More capital gains are received in one neighbourhood in Kensington than in Liverpool, Manchester and Newcastle combined

Although not common in the wider population, capital gains are a standard way to receive remuneration for the super-rich.
- Andy Summers
Silhouette of businessman mhouge from Pixabay

Total capital gains have almost tripled over the last decade, to £65bn by 2019/20. Despite this, most people never receive any capital gains, with less than 3% of adults paying capital gains tax over a ten-year period. In any given year just 0.5% of adults receive any gains, less than the number of additional rate (“45p”) income tax payers.

Instead, capital gains are incredibly concentrated:

  • Three in every seven pounds of gains in the UK go to people earning more than £150k. By contrast the same group receives one in every seven pounds in income.
  • More than half (52.2%) of all taxable gains in 2020 went to just 5,000 people, who received an average of over £6.8m per person in gains.
  • Gains are strongly concentrated in southern England, with more gains in the parliamentary constituency of Kensington than in all of Wales. One neighbourhood of Kensington, comprising just 6400 people, had more gains than three major cities combined: Liverpool, Manchester and Newcastle.
  • Even within London there are large disparities: someone living in Kensington is more than 50 times as likely to receive gains as someone in Barking.

These findings come from new research which gained unprecedented access to the anonymised tax records of capital gains tax payers. The study, by researchers from the University of Warwick and The London School of Economics and Political Science (LSE), analysed the anonymised personal tax returns of everyone who received taxable capital gains between 1997 and 2020.

A capital gain is the money received from selling an investment for more than the purchase price. Capital gains face a separate tax regime to income, with rates varying between 10 and 28% depending on the taxpayer’s income level and the type of asset sold. Capital gains tax rates are always lower than income tax rates for the same person, with reliefs in place that allow up to £10million to be received at a 10% tax rate even for the highest rate taxpayers.

These preferential rates benefit few people, who are largely well-off. Just 0.3% of people with income under £50,000 had taxable gains in an average year, but this rises to almost 40% of taxpayers with incomes over £5m receiving some gains. The median gainer in the latter group received £372,000 in gains in an average year, benefiting substantially from the gap between capital gains tax and income tax rates.

Ranking people by gains received, the top 50,000 gainers – who make up about 0.1% of UK adults – received 86.4% of gains, worth £56 billion in total, with each person receiving at least £143,000.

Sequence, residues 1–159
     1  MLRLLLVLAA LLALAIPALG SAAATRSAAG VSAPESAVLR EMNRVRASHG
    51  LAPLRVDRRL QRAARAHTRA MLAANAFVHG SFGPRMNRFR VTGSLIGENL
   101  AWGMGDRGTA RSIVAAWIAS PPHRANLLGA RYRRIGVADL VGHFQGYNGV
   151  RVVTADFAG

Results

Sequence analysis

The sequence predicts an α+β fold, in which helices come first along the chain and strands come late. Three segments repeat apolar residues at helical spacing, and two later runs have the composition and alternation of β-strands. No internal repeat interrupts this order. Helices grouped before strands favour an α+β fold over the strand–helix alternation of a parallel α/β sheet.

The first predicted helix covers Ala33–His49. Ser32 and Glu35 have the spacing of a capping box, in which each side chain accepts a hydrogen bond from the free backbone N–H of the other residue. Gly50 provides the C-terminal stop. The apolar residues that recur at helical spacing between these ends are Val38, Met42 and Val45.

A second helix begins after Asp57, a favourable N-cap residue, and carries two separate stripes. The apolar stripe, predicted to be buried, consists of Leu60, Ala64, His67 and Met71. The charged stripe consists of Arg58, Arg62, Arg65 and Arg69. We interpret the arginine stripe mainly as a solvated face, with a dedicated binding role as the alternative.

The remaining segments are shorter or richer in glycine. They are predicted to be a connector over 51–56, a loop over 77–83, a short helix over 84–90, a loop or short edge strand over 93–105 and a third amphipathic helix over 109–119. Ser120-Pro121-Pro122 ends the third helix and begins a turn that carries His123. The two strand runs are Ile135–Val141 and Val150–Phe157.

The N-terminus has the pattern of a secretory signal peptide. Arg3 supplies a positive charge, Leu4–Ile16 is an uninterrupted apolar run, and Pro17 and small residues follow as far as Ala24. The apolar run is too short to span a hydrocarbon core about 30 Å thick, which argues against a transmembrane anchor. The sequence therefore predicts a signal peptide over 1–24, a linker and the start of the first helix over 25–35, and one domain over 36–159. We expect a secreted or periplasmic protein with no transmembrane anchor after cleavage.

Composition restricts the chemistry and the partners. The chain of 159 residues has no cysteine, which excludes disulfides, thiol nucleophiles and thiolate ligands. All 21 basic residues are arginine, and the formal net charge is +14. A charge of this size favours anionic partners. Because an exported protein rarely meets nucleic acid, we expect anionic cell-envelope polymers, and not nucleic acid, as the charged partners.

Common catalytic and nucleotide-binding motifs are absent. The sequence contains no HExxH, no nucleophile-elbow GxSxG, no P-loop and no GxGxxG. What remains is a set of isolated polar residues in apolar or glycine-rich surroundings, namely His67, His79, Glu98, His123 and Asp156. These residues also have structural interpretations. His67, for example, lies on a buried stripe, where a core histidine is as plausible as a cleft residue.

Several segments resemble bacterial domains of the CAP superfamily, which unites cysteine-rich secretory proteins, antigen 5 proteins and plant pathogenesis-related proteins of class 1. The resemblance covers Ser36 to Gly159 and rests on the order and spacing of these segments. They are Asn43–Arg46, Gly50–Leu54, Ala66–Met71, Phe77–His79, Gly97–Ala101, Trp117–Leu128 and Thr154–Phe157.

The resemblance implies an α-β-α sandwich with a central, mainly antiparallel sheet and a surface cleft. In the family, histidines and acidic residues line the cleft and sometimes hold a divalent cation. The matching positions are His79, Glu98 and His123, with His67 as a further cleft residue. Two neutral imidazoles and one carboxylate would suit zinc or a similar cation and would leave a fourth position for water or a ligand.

Before reforms in 1998, capital gains tax was progressive: those with the highest gains paid a higher share in capital gains tax. Since the early 2000s, by when the 1998 reforms had fully taken effect, capital gains tax has largely been neutral among top gainers. Under the ‘taper relief’ regime in the 2000s it was in some years regressive.

Arun Advani, Associate Professor at the University of Warwick’s Economics Department and CAGE Research Centre, said: “Capital gains are absurdly concentrated, with half the gains in the entire country going to as many people as could fit in the Albert Hall. Less than one in thirty people have any gains at all over the course of a decade.”

Andrew Lonsdale, Research Officer at LSE’s International Inequalities Institute (III), said: “There are more capital gains in Kensington than the whole of Wales, and more in Hampstead and Kilburn than the North East of England. Continuing to tax these gains at a lower rate than earnings from work is the complete opposite of ‘levelling up’.”

Andy Summers, Associate Professor at LSE Law School and International Inequalities Institute (III), said: “Although not common in the wider population, capital gains are a standard way to receive remuneration for the super-rich. This makes the tax break for capital gains particularly regressive.”

Behind the article

1.      CAGE Policy Brief Who would be affected by Capital Gains Tax reform by Arun Advani, Andrew Lonsdale, and Andy Summers 

2.     A taxpayer realises a capital gain when they sell (or otherwise dispose of) an asset that has increased in value from the price at which they acquired it. Capital Gains Tax typically applies if the assets sold were held for investment.

3.      The report used access to anonymised confidential data from the tax records of everyone who received taxable capital gains at any point over the period 1997­–2020, accessed via the HMRC Datalab.

4.      Mandatory disclaimer: This work contains statistical data from HM Revenue and Customs (HMRC) which are Crown Copyright. The research data sets used may not exactly reproduce HMRC aggregates. The use of HMRC statistical data in this work does not imply the endorsement of HMRC in relation to the interpretation or analysis of the information.

5.      This research was funded by the Nuffield Foundation 'Reforming Capital Gains Tax' grant (GE/FR-000024377) grant, the Economic and Social Research Council (ESRC) through the ‘Taxing the Super Rich’ grant (ES/W001683/1) and CAGE Research Centre at Warwick (ES/L011719/1), and by LSE International Inequalities Institute, LSE Law, and Warwick Economics.